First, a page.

12(b)(6) Motion to Dismiss.” Washington v.
Washington, No. 14-1215-EFM-KGG, 2014 WL 4059788, at *3
(D. Kan. Aug. 15, 2014) (citing Kay v. Bemis, 500
F.3d 1214, 1217-18 (10th Cir. 2007)).
Rule 12(b)(6) Motion to Dismiss, the court looks to the
pleading standard provided in Rule 8(a)(2). This rule
provides that a complaint must contain “a short and
plain statement of the claim showing that the pleader is
entitled to relief.” Fed.R.Civ.P. 8(a)(2). Although
this rule “does not require ‘detailed factual
allegations, '” it demands more than “[a]
pleading that offers ‘labels and conclusions' or
‘a formulaic recitation of the elements of a cause of
action.'” Ashcroft v. Iqbal, 556 U.S. 662,
678 (2009) (quoting Bell Atl. Corp. v. Twombly, 550
U.S. 544, 555 (2007)).
survive a motion to dismiss, a complaint must contain
sufficient factual matter, accepted as true, to ‘state
a claim to relief that is plausible on its face.'”
Id. (quoting Twombly, 550 U.S. at 570).
“A claim has facial plausibility when the plaintiff
pleads factual content that allows the court to draw the
reasonable inference that the defendant is liable for the
misconduct alleged.” Id. (citing
Twombly, 550 U.S. at 556). “Under this
standard, ‘the complaint must give the court reason to
believe that this plaintiff has a reasonable
likelihood of mustering factual support for these
claims.'” Carter v. United States, 667
F.Supp.2d 1259, 1262 (D. Kan. 2009) (quoting Ridge at Red
Hawk, LLC v. Schneider, 493 F.3d 1174, 1177 (10th Cir.
motion to dismiss, the court assumes that a complaint's
factual allegations are true, but need not accept mere legal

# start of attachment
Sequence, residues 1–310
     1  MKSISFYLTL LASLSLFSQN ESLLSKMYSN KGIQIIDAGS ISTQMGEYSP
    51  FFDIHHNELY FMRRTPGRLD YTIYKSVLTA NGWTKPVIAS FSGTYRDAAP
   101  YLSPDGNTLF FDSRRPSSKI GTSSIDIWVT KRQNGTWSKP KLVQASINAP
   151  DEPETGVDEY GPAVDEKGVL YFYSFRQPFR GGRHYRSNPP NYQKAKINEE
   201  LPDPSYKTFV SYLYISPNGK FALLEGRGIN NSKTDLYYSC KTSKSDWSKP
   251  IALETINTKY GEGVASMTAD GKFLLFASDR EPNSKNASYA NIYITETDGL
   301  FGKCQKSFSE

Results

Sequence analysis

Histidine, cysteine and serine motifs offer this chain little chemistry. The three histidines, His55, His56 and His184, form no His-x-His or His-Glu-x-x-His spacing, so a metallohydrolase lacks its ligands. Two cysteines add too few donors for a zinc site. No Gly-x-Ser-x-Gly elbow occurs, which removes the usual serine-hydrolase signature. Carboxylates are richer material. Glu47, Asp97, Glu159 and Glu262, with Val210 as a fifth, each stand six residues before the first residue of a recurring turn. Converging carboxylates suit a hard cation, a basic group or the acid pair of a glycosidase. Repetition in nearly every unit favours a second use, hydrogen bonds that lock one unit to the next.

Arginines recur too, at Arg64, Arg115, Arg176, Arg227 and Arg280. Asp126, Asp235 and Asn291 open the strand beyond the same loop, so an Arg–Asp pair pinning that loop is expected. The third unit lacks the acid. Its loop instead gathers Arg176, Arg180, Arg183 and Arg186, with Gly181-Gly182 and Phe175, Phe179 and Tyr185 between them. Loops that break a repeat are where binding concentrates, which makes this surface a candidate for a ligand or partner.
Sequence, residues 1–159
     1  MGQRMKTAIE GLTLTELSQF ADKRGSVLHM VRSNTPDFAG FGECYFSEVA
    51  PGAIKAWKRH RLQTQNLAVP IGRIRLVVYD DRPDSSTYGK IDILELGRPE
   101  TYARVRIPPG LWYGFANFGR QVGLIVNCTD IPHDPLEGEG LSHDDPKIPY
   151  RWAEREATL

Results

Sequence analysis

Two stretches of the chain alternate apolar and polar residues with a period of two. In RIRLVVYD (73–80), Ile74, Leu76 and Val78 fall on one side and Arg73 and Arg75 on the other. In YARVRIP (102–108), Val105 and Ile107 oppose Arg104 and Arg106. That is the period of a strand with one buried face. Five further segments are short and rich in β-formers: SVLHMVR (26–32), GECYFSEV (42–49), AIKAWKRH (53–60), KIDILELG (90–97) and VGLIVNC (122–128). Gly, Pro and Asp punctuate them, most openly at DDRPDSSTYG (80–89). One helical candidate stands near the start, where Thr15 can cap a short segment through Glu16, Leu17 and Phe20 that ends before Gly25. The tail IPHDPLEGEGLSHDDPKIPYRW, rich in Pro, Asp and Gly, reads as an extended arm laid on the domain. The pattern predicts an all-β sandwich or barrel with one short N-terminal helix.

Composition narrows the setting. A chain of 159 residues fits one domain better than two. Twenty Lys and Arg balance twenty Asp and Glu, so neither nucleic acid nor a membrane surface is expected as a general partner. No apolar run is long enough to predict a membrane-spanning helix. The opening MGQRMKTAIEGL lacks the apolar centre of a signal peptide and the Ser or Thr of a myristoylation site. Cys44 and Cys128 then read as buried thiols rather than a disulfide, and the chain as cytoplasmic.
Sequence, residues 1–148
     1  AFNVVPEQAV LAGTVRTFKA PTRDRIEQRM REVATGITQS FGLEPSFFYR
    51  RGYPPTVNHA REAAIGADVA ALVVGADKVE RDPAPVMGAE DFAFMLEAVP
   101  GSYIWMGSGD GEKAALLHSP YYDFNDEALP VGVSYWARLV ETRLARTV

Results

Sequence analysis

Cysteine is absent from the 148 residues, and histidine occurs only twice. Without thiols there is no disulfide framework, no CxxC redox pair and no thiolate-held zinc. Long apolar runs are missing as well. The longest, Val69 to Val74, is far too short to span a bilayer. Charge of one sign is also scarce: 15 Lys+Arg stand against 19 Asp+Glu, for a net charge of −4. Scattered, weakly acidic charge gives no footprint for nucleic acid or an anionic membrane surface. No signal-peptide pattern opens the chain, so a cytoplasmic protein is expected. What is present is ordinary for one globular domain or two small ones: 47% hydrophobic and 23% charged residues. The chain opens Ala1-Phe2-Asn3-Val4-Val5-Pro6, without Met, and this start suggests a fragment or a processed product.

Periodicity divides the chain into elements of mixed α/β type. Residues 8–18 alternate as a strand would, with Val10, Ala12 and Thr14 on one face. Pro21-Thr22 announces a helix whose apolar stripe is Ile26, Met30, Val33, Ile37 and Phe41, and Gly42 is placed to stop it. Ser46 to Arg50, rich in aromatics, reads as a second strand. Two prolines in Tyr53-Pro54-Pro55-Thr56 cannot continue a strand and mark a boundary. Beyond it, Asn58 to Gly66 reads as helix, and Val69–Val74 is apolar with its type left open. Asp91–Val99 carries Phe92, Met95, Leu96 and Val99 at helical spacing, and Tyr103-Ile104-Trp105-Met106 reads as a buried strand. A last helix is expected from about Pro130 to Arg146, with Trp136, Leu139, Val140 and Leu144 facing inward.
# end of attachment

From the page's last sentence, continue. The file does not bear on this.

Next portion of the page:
conclusions as true. Id. at 1263. “Threadbare
recitals of the elements of a cause of action, supported by
mere conclusory statements” are not enough to state a
claim for relief. Iqbal, 556 U.S. at 678. But,
because plaintiff proceeds pro se, the court construes his
pleadings liberally and holds them to a less stringent
standard than those drafted by lawyers. Hall v.
Bellmon, 935 F.2d 1106, 1110 (10th Cir. 1991). But the
court does not assume the role of advocate for plaintiff.
Id. Nor does plaintiff's pro se status excuse
him from complying with the court's rules or facing the
consequences of noncompliance. Nielsen v. Price, 17
F.3d 1276, 1277 (10th Cir. 1994).
proposed Second Amended Complaint names three
defendants-Ronnie D.M. Faircloth, Capitol Federal Savings
Bank, and the Federal Housing Finance Agency-and purports to
assert claims under five federal statutes. Doc. 11-2 at 1-2.
These statutes are: (1) Title 12 U.S.C. § 1723a(a); (2)
Title 24 U.S.C. § 3500; (3) Title 12 U.S.C. § 2601;
(4) Title 15 U.S.C. § 1601(a); and (5) Title 15 U.S.C.
§ 1635. One of these statutes comes from the Real Estate
Settlement Procedures Act, 12 U.S.C. §§ 2601-17,
(“RESPA”)-§ 2601-and two come from the Truth
in Lending Act (“TILA”)-15 U.S.C. §§
1601(a) and § 1635. The court's analysis, which
follows, organizes under these two acts.
first, the court addresses the other two statutes invoked by
the proposed Second Amended Complaint. The proposed Second
Amended Complaint contains no factual allegations to support
a claim under either statute. On page three of the Second
Amended Complaint, plaintiff references “TITLE 24
U.S.C. 3500” as another ground under which the court
has subject matter jurisdiction. Doc. 11-2 at 3. The United
States Code contains no such ...